Album Review: Depeche Mode – ‘Spirit’

Your enjoyment of Depeche Mode’s newest album, Spirit, will entirely depend upon one thing: what kind of a Depeche Mode fan you are. If you’re a die-hard fan of their […]

Your enjoyment of Depeche Mode’s newest album, Spirit, will entirely depend upon one thing: what kind of a Depeche Mode fan you are.

If you’re a die-hard fan of their catchy 80s synth-pop hits such as Just Can’t Get Enough, Strangelove and Everything Counts, the new album just may not be to your taste.  However, if your love of Depeche Mode stems from their unmistakeable gothic, darkwave vibe, I have a sneaking suspicion that you might love Spirit.

Possibly the band’s most industrial, wrath and rancour-filled album, Spirit deals with the darkest parts of the human experience, including apathy, self-hatred, political revolt and hopelessness. A lot of Spirit despairs at humanity; it’s hard not to see the effect of Trump, Brexit and the rise of far right extremism on this album, especially in songs such as the single Where’s The Revolution? and Going Backwards.

Speaking of Going Backwards, the opening track is all Depeche Mode in its funky-pop rhythm and direct, almost blunt denunciatory lyrics (it’s probably safe to say that some people will be up-in-arms over these lines). Their accusation that “we have nothing inside/We feel nothing inside” is a hard one to hear, but comes from a place of brutal honesty. Already in this song we feel the message of Spirit – that humanity has lost its spirit, its soul.

Despite the critical lyrics, the tone of the song itself instinctively makes me want to groove, whereas the following song Where’s The Revolution? elicits a foot-stomping, head-nodding reaction. The first single is accusatory, challenging us all to consider exactly what we’re doing to make the world a better place, but also sympathetic to the paralysed hopelessness that many feel as a result of seemingly overwhelming negativity in the world.

Depeche Mode are notable for their direct songs, with lyrics serving the purpose of a blunt but effective tool: it’s the way in which they’re sung that conveys emotion. Scum, for instance, is brimming with bile – you can practically hear Gahan gritting his teeth with rage. Scum first struck me as the inner voice of a depression sufferer, constantly questioning what good they are and almost bullying themselves into suicide, although I imagine it more likely that it’s directed at someone in particular. While the song might be about one specific person, it could equally be about every hateable figure we see daily in the media – and although the lyrics might seem too harsh to some, it’s clearly a use of cathartic hyperbole. I predict thousands of fans shouting “Pull the trigger!” in unison at concerts this year.

You Move might just be the sexiest song Depeche Mode have ever released – I can see this being played in clubs to incite the same effect as Nine Inch Nails’ Closer or V.A.S.T.’s Pretty When You Cry (by which I mean excessive grinding by latex-clad goths). It’s emotionally chilling, and actually rather sad in message but the chorus drives home that rhythmic, almost EBM detached sexuality. Later on in the album, No More (This Is The Last Time) seems to draw a line underneath the destructive relationship detailed here.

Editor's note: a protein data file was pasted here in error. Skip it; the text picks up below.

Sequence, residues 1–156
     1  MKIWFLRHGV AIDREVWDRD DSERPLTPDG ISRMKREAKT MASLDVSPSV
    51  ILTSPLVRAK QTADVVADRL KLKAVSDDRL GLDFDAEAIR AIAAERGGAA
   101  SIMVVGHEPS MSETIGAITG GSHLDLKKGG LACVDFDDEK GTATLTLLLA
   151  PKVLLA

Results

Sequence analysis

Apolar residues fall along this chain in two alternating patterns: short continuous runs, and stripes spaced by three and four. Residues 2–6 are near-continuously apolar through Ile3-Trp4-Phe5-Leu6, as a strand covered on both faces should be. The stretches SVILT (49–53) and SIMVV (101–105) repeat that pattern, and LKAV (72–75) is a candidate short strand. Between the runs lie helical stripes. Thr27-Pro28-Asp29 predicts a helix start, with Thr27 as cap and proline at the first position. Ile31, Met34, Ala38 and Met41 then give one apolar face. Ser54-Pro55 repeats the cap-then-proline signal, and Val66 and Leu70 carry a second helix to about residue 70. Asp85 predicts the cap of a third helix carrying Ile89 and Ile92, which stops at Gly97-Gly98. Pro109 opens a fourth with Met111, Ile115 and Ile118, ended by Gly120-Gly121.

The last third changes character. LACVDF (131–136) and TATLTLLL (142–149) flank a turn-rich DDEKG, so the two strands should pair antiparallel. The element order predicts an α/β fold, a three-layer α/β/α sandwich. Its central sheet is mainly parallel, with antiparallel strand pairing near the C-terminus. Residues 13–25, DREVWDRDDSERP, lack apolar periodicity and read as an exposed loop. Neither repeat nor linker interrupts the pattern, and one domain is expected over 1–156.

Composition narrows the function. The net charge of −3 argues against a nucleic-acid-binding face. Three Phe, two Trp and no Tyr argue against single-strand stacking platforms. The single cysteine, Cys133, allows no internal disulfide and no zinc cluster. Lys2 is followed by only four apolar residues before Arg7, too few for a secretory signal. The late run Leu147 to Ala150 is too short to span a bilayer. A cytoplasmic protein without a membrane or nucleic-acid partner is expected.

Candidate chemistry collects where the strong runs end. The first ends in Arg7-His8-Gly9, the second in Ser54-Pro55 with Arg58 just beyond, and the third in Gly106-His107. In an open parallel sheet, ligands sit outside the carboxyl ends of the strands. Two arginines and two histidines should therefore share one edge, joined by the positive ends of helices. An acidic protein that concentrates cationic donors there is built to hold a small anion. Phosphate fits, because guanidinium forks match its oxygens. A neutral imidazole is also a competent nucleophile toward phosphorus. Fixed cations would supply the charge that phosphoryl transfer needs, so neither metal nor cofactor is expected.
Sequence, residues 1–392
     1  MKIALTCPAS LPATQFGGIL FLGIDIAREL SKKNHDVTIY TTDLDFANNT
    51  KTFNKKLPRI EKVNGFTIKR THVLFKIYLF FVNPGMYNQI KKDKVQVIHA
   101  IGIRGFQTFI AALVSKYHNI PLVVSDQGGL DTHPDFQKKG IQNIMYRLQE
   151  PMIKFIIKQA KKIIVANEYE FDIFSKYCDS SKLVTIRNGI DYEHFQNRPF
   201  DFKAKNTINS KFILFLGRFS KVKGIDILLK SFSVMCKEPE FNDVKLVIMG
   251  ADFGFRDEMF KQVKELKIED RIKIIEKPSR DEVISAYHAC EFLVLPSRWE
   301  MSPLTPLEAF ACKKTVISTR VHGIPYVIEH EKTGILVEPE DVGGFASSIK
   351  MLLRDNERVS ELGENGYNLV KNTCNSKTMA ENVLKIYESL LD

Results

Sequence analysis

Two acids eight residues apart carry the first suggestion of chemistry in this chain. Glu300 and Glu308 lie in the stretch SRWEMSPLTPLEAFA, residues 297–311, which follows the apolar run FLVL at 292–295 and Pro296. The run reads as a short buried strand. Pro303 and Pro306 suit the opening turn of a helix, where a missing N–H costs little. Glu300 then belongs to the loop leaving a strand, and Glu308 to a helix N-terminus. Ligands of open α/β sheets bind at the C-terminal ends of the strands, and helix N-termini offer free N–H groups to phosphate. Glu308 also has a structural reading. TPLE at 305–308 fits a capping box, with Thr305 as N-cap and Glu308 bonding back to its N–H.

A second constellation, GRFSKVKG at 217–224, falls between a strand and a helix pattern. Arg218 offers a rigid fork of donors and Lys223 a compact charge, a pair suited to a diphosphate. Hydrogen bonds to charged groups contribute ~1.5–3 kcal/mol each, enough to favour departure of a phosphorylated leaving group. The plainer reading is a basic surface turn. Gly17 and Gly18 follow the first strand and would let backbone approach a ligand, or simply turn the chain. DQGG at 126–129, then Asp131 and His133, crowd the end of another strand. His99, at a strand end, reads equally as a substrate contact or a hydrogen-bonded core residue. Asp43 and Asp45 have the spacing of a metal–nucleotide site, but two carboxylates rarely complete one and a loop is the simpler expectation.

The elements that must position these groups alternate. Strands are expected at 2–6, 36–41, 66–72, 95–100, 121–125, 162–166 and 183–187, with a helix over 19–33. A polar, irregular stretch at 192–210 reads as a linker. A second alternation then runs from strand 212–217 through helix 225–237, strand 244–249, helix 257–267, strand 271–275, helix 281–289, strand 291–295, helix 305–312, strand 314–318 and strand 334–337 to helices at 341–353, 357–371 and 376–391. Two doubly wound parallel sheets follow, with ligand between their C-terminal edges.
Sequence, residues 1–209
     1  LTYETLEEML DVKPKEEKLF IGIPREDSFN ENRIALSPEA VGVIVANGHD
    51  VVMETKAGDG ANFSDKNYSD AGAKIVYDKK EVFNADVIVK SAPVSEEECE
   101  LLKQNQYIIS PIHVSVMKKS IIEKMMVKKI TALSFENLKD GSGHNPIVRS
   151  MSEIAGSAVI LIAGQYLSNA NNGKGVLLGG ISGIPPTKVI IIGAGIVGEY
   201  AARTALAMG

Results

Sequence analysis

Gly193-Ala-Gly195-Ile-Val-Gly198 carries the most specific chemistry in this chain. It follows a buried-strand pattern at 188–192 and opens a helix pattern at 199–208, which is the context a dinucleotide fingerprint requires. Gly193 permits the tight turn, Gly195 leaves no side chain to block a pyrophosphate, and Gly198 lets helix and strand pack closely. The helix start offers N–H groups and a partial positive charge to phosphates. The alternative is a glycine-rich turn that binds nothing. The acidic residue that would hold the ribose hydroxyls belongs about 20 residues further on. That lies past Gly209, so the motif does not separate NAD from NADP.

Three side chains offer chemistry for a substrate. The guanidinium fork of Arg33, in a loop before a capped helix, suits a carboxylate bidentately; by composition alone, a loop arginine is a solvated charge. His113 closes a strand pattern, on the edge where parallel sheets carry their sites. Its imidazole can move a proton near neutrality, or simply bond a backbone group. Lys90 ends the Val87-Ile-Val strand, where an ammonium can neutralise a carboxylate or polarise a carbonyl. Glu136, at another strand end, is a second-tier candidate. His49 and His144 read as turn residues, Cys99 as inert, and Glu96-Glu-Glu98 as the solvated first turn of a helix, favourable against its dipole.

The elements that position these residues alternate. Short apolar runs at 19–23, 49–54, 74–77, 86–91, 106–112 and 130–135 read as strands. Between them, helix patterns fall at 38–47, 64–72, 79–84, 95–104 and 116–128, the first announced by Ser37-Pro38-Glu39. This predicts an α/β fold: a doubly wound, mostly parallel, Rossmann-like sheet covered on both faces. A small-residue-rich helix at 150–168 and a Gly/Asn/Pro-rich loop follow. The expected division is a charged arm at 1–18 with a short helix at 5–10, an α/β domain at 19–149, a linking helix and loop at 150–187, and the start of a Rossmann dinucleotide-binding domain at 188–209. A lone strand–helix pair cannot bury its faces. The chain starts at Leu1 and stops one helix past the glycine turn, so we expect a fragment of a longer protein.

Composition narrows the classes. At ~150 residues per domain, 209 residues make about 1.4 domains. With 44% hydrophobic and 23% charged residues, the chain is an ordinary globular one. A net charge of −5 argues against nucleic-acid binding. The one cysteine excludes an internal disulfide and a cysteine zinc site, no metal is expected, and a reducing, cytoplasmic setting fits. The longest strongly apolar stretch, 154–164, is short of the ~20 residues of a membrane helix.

Poison Heart is similarly bitter, with a Nick Cave-Murder-Ballads-style blues breakdown complete with the classic female gospel vocals. Heavy distortion and a slow, pounding beat compete with Gahan’s treacle vocals which switch between sing-song and hoarse parlando.

One of the particularly notable songs for me was So Much Love. Depeche Mode have a tendency to write music which is not just hugely emotionally provocative but containing a particular combination of quiet despair and trepid hope. You can hear it in such classics as Never Let Me Down Again and Walking In My Shoes – as though the pain of years of turmoil has broken the singer down, leaving him resigned to a life of pain. So Much Love effectively pushes back against a perceived negativity by repeating the simple mantra over and over – “I have so much love in me”.

The balladry of Spirit, in songs such as Eternal and Poorman, contain the unmistakable heavy-handed lyrics that have been the trademark of some of their greatest songs. In Poorman, the term “trickle down economics” is turned on its head, as Mahan asks “How long will it take for it to trickle down?” Meanwhile, Cover Me embraces a hint of Bowie and a small pinch of Porcupine Tree-esque progressive ambience. It’s sad and distant – the despair of a Major Tom-type figure, looking down at the cold earth – but also as inspiring as the initial tracks with the affirmative “I’m not going down/Not today”

Although there are these moments of hope, the album on the whole is not an optimistic one. Instead it despairs at the current state of humanity; our warmongering, hatred and divisions. The message of People Are People, which became an LGBT anthem, hasn’t become any less valid and the tone of Spirit’s songs convey the sense that they’re bored of saying this by now. Why don’t we know yet? Why haven’t we learned? Spirit raises some important questions about the nature of humanity and our world today.

If your appreciation of Depeche Mode stems from the hard-hitting Wrong, the sexual politics of Master and Servant, the driving electric guitar of Personal Jesus and the gentle despair of Walking In My Shoes, you’re going to love this album.

If you’re still hoping they’ll write another Just Can’t Get Enough, you might be waiting a while.

Jennifer Mugridge

About Jennifer Mugridge

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